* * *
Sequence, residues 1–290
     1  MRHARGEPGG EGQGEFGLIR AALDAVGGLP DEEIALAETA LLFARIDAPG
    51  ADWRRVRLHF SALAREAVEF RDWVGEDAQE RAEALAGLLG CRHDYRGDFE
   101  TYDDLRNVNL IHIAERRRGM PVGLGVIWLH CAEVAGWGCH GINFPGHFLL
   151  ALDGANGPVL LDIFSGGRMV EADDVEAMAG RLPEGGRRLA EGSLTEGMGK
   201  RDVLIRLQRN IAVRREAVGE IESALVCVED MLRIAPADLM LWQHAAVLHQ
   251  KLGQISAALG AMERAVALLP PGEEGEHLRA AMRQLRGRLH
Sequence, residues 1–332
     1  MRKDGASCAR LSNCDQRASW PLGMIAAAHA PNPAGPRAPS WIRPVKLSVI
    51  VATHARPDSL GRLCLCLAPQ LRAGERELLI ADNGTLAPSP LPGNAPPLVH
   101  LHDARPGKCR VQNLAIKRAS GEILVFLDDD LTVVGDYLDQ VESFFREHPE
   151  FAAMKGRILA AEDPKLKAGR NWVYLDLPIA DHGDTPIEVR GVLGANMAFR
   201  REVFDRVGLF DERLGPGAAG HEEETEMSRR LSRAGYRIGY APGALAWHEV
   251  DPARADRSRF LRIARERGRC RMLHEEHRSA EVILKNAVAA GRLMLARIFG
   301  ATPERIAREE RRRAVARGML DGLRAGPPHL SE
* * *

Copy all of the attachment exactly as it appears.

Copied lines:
Sequence, residues 1–290
     1  MRHARGEPGG EGQGEFGLIR AALDAVGGLP DEEIALAETA LLFARIDAPG
    51  ADWRRVRLHF SALAREAVEF RDWVGEDAQE RAEALAGLLG CRHDYRGDFE
   101  TYDDLRNVNL IHIAERRRGM PVGLGVIWLH CAEVAGWGCH GINFPGHFLL
   151  ALDGANGPVL LDIFSGGRMV EADDVEAMAG RLPEGGRRLA EGSLTEGMGK
   201  RDVLIRLQRN IAVRREAVGE IESALVCVED MLRIAPADLM LWQHAAVLHQ
   251  KLGQISAALG AMERAVALLP PGEEGEHLRA AMRQLRGRLH
Sequence, residues 1–332
     1  MRKDGASCAR LSNCDQRASW PLGMIAAAHA PNPAGPRAPS WIRPVKLSVI
    51  VATHARPDSL GRLCLCLAPQ LRAGERELLI ADNGTLAPSP LPGNAPPLVH
   101  LHDARPGKCR VQNLAIKRAS GEILVFLDDD LTVVGDYLDQ VESFFREHPE
   151  FAAMKGRILA AEDPKLKAGR NWVYLDLPIA DHGDTPIEVR GVLGANMAFR
   201  REVFDRVGLF DERLGPGAAG HEEETEMSRR LSRAGYRIGY APGALAWHEV
   251  DPARADRSRF LRIARERGRC RMLHEEHRSA EVILKNAVAA GRLMLARIFG
   301  ATPERIAREE RRRAVARGML DGLRAGPPHL SE